KABLOONAS

KABLOONAS
Burial of John Franklin. Author: me

KABLOONAS

Kabloonas is the way in which the Inuit who live in the north part of Canada call those who haven´t their same ascendency.

The first time i read this word was in the book "Fatal Passage" by Ken McGoogan, when, as the result of the conversations between John Rae and some inuit, and trying to find any evidence of the ill-fated Sir John Franklin Expedition, some of then mentioned that they watched how some kabloonas walked to die in the proximities of the river Great Fish.

I wish to publish this blog to order and share all those anecdotes that I´ve been finding in the arctic literature about arctic expeditions. My interest began more than 15 years ago reading a little book of my brother about north and south pole expeditions. I began reading almost all the bibliography about Antarctic expeditions and the superknown expeditions of Scott, Amundsen, Shackleton, etc. After I was captured by the Nansen, Nobile and Engineer Andree. But the most disturbing thing in that little book, full of pictures, was the two pages dedicated to the last Franklin expedition of the S.XIX, on that moment I thought that given the time on which this and others expeditions happened, few or any additional information could be obtained about it. I couldn´t imagine that after those two pages It would be a huge iceberg full of stories, unresolved misteries, anecdotes, etc. I believe that this iceberg, on the contrary than others, would continue growing instead melting.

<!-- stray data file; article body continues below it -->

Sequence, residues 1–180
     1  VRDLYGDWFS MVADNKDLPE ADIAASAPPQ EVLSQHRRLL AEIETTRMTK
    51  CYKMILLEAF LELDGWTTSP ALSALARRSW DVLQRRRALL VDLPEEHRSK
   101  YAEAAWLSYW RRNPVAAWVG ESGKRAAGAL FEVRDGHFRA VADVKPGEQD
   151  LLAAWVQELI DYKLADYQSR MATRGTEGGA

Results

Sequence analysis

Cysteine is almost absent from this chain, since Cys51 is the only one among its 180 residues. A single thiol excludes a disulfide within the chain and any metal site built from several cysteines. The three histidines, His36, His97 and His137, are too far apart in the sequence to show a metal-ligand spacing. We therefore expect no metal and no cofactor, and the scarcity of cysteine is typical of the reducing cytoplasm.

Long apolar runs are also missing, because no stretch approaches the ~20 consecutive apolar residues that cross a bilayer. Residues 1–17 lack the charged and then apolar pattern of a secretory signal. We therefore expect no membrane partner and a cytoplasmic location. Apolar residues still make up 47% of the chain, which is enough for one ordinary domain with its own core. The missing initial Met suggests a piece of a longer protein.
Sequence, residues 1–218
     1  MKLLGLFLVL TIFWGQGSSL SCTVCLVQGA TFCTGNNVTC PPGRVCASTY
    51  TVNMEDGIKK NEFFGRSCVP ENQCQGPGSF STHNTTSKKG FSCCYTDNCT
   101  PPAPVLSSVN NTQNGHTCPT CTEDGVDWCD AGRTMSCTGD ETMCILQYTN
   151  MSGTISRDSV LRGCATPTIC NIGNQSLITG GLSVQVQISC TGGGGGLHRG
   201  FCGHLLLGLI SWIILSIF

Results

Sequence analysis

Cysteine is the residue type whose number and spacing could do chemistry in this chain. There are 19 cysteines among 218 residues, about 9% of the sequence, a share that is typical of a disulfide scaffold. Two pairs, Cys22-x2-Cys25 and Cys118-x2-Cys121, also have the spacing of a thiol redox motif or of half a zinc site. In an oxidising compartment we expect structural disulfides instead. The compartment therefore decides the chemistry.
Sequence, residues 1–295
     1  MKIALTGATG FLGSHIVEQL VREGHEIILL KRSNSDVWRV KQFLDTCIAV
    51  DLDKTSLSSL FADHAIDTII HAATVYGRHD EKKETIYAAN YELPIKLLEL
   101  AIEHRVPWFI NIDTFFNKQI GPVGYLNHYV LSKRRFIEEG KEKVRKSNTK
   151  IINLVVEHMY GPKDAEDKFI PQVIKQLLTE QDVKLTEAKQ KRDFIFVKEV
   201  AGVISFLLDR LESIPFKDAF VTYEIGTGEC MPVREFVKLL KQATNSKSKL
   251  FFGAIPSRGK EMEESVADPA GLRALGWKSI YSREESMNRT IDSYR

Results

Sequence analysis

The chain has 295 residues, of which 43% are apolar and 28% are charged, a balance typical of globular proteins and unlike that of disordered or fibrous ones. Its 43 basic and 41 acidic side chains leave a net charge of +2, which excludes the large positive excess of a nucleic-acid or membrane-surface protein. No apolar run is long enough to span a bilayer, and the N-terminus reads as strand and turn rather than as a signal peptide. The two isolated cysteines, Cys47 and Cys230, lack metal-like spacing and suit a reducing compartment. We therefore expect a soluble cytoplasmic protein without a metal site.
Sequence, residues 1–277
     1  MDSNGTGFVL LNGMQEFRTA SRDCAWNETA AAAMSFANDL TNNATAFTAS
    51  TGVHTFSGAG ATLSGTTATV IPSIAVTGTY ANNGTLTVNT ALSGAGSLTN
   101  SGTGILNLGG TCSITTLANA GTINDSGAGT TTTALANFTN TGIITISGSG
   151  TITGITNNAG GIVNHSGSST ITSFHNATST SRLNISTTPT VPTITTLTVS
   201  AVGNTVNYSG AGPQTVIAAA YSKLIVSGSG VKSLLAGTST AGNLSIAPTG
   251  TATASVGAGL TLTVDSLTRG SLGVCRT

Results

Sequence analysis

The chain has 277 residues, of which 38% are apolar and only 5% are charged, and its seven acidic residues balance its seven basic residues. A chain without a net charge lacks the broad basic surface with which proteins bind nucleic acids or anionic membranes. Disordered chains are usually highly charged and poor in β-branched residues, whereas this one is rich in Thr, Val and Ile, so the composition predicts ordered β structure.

ARCTIC EPIC PHRASES

This page pretends to be a collection of feelings or remarkable sentences said by the arctic explorers and also historians, scholars, writers, etc. that can help to describe the enviroment that surround them and other feelings:


1.- Answer received by Ransmussen by his guide Aua after asking him about his beliefs:

"We don´t believe, we fear."

2.- This was written by William Edward Parry in his third expedition in the 24th of octuber of 1824.

"In the very silence there is a deadness with wich a human spectator seems out of keeping"


3.- This was writen by Willia Beechy in Magdalena Bay in Spitzsbergen on board of the Trent comanded by Franklin in june of 1818.

"...there was a stillness which bordered the sublime-a stillness which was interrupted only by the bursting of an iceberg, or the report of some fragment of rock loosened from its hold. These sounds, indeed, which came booming over the placid surface of the bay, could hardly be considered interruptions to the general silence, for, speedily dying away in the distance, they left behind a stillness even more profound than before"

4.- Russell Potter describing the Daguerrotypes of the men of the Franklin expedition:

" It is that odd solitude -- the awareness that every photograph is both oddly living -- preserving the gaze of the subject in a way that almost seems, wizard-like, to peer back at you out of its frame -- and yet announcing, without even having to say so, the ultimate mortality of us all -- that makes the Franklin daguerreotypes especially rich. Every one of them is a window, and a tombstone.

Which makes, I suppose, the mounting at Matlock a sort of cemetery, ranked in rows. "